Japan and the UK will expand their existing collaboration in civil nuclear activities - including decommissioning, research and development, and nuclear new build - through a memorandum of cooperation signed yesterday in Tokyo.
|The memorandum was signed by UK business and energy secretary Greg Clark and Japan's minister of economy, trade and industry Hiroshige Seko (Image: BEIS)
The document states, "Both sides reaffirm to each other their desire to increase commercial and research collaboration, and to develop their strategic partnership in this field, which both sides recognise as of important mutual benefit."
The memorandum covers cooperation on decommissioning and decontamination, research and development, and global safety and security practices.
In a statement, the UK's Department for Business, Energy and Industrial Strategy (BEIS) said, "The UK is a world leader in nuclear decommissioning and waste management, and closer collaboration with Japan will deliver real benefits for both countries in ensuring a sustainable future for nuclear power."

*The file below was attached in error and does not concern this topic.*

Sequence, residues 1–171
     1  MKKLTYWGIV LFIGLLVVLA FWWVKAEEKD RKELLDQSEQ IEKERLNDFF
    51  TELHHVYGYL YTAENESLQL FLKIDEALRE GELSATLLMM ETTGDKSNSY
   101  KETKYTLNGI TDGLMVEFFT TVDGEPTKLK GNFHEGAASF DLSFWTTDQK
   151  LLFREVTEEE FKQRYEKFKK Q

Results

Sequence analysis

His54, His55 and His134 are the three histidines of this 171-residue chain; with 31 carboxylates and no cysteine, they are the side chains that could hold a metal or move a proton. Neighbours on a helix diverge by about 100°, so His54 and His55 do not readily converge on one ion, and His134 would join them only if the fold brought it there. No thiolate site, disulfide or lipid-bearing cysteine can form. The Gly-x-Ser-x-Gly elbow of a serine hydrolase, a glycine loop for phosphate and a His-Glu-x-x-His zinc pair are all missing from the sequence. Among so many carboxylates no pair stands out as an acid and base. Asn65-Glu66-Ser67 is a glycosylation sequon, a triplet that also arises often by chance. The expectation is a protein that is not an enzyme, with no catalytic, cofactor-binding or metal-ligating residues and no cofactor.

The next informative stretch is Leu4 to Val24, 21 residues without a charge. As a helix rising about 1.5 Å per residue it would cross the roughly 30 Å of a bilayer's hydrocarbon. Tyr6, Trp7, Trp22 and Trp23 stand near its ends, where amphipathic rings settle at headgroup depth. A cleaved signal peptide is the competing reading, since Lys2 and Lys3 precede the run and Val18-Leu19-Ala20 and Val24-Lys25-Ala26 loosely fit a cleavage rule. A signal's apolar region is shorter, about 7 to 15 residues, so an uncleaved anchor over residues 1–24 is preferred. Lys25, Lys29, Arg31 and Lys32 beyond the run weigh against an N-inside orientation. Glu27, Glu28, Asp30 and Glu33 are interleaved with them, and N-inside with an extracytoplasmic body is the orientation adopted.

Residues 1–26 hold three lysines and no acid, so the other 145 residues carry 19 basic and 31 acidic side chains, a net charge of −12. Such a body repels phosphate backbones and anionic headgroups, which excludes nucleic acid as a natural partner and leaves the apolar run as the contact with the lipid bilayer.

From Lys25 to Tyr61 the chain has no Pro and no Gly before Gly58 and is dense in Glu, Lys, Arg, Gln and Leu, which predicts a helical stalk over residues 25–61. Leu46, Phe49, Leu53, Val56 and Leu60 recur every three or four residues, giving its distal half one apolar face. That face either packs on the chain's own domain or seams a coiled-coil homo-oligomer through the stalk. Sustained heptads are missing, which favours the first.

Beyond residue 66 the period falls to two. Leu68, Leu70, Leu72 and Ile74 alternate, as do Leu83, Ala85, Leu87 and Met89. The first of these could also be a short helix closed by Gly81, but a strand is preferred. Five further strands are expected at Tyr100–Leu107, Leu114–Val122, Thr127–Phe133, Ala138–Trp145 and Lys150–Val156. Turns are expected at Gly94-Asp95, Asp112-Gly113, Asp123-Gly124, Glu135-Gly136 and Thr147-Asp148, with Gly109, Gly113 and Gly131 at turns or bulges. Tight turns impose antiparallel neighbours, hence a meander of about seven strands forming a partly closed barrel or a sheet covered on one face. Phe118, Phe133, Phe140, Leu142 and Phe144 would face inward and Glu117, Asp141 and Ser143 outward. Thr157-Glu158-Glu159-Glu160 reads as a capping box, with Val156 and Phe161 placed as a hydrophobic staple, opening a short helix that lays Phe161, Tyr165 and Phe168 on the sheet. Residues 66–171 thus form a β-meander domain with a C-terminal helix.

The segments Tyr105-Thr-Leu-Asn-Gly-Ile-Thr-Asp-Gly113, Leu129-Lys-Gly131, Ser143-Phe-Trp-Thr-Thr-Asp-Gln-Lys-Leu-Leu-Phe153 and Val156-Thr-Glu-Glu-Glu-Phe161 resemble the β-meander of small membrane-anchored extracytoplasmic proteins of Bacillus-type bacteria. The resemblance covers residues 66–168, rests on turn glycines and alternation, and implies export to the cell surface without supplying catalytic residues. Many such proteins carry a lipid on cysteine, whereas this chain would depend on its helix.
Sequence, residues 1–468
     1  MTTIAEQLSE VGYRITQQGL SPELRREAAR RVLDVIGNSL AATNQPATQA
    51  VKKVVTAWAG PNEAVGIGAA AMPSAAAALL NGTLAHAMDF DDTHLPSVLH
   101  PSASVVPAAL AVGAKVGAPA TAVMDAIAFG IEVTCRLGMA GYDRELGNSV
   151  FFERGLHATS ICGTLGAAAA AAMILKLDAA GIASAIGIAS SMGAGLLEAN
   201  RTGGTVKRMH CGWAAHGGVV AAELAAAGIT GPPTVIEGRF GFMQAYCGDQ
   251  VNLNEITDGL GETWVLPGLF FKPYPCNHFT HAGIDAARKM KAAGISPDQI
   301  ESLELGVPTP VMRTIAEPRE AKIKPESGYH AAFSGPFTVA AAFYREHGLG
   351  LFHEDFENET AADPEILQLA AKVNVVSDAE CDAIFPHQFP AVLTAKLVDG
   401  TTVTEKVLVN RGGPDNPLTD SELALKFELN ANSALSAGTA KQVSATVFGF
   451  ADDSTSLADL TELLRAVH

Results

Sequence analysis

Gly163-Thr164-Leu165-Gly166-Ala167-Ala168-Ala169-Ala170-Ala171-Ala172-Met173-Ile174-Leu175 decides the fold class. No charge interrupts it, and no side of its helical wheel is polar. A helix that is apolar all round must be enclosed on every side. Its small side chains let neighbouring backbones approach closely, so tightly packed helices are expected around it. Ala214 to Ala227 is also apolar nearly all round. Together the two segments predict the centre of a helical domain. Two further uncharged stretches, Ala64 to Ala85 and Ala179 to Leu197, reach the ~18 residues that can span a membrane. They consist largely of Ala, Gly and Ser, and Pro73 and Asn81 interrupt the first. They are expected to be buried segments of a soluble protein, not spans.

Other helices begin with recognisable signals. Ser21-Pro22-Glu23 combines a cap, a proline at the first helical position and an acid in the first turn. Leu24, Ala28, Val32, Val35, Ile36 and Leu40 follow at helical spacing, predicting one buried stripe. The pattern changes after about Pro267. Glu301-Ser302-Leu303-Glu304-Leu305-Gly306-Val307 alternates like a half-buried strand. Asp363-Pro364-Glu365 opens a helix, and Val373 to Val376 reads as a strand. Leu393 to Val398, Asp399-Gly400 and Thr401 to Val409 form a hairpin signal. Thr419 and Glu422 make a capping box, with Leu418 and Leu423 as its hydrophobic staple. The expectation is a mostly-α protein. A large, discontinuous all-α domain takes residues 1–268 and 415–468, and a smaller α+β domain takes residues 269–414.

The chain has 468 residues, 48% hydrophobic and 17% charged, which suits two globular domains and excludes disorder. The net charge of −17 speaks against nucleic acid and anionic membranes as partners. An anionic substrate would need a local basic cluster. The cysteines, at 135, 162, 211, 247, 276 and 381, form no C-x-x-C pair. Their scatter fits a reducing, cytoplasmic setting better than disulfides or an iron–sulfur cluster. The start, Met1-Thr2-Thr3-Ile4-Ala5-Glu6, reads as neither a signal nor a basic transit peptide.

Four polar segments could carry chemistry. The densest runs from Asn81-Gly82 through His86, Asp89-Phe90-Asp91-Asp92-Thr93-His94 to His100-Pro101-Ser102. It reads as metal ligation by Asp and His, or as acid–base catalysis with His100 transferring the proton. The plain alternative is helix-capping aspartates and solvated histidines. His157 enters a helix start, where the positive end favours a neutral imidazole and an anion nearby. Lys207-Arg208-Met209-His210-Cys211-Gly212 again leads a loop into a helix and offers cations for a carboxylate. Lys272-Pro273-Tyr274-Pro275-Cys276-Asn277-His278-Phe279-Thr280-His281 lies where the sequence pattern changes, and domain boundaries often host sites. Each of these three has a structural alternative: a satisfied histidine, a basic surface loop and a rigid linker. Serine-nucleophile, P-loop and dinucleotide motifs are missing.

The agreement also covers nuclear new build. It notes that two Japan-led consortia - Horizon and NuGen - are developing proposals to construct new nuclear power projects in the UK. "Horizon's proposed project on Anglesey and NuGen's proposed project in Cumbria could create up to 20,000 jobs in the UK and provide close to 15% of the UK's electricity needs," BEIS noted. "It is also estimated that they would bring around £20 billion ($25 billion) worth of contracts to the UK's supply chain companies."
Following the signing of the memorandum, Clark said: "The potential of this collaboration is to create thousands of highly skilled jobs and create major opportunities for the development of supply chains which can provide British engineering and expertise to the civil nuclear industry around the world."
Japan and the UK have a long-standing history of nuclear cooperation dating back to the 1960s, and hold an annual bilateral Nuclear Dialogue, which has led to extensive cooperation over the years.
Researched and written
by World Nuclear News